07:52 GMT +320 May 2019
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    An anti-drone laser weapon developed by German missile manufacturer MBDA Deutschland.

    Japan Wants to Buy Anti-Drone Laser Cannons to Secure G-7 Summit

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    The Japanese government, concerned over the potential threat of terrorist-operated drones, is showing interest in an experimental laser weapon that can shoot the unmanned aerial vehicles out of the sky.

    Japan is scheduled to host the Group of Seven summit next year, and organizers want to make the event, which will bring in diplomats from around the world, as secure as possible. For help, Japanese leaders are looking at a new weapon made by German missile manufacturer MBDA Deutschland.

    "Commercial mini drones represent a new type of threat that is nearly impossible to counter with conventional effectors," MBDA said. "Highly precise and scalable laser weapon systems could protect major events and critical infrastructures and close a current capability gap."

    MBDA's weapon can destroy a small drone from a distance of 500 meters (about 545 yards) in less than four seconds, and it is so small that it can be mounted onto a vehicle and transported just about anywhere, reports Nikkei Asian Review.

    The weapon automatically tracks and locks onto flying targets. When it comes time to fire, the device produces four beams that merge to form a single beam. In an MBDA video shown at an international air show in Paris earlier this month, the weapon targeted and shot down a drone in a process that took just 3.39 seconds.

    MBDA said a 2013 incident at an election event held in Dresden, in which a mini drone crashed close by German Chancellor Angela Merkel, shows the need for the weapon.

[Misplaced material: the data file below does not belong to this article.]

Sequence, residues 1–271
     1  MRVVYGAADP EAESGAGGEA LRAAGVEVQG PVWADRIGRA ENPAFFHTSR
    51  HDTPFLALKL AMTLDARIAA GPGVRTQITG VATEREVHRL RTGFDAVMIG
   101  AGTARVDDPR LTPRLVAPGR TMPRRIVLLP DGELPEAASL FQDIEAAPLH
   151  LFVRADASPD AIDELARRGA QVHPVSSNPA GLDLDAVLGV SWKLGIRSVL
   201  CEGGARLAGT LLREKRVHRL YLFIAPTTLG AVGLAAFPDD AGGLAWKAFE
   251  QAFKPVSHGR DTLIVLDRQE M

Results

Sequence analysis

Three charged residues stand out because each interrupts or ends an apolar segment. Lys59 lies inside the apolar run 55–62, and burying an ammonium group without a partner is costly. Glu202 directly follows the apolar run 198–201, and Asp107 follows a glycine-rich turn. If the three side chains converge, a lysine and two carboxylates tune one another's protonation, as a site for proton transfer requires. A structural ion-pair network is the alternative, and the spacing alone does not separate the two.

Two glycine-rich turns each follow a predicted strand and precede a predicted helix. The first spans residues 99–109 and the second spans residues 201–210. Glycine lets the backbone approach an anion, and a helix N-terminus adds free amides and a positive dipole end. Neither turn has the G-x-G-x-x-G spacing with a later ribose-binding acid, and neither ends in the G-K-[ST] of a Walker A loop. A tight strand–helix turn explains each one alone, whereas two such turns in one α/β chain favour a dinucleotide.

"You can buy [drones] on the internet and easily put explosives on them, but there is no efficient protection against them," Markus Martinstetter, of MBDA, told Defense News.

    In France alone, more than 60 overflights by such craft over strategically significant locations have been reported since October 2014, Daily Mail reported.

    In Japan in April, a man landed a drone carrying mildly radioactive material on the roof of the prime minister's office. That incident is surely still fresh in the minds of Japanese officials as they prepare for the G-7 summit in Mie Prefecture in May next year and the 2020 Tokyo Olympics.

    Today's countermeasures include shooting drones down with shotguns or with high-pressure blasts of water – techniques that are effective only at close range, among other drawbacks.

    MBDA plans to increase the weapon's range from 500 meters to five kilometers (about three miles) by the time it reaches operational status within the next five years.

    Tags:
    France, armed drones, laser weaponry, terrorist attack, terrorism, drones, Angela Merkel, Germany, Japan
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